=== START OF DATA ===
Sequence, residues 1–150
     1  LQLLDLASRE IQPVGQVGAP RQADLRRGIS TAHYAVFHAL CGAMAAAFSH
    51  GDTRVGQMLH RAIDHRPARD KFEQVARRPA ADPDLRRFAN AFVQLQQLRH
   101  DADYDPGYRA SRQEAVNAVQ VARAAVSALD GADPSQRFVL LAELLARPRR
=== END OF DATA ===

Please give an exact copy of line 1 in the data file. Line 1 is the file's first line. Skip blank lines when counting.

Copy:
Sequence, residues 1–150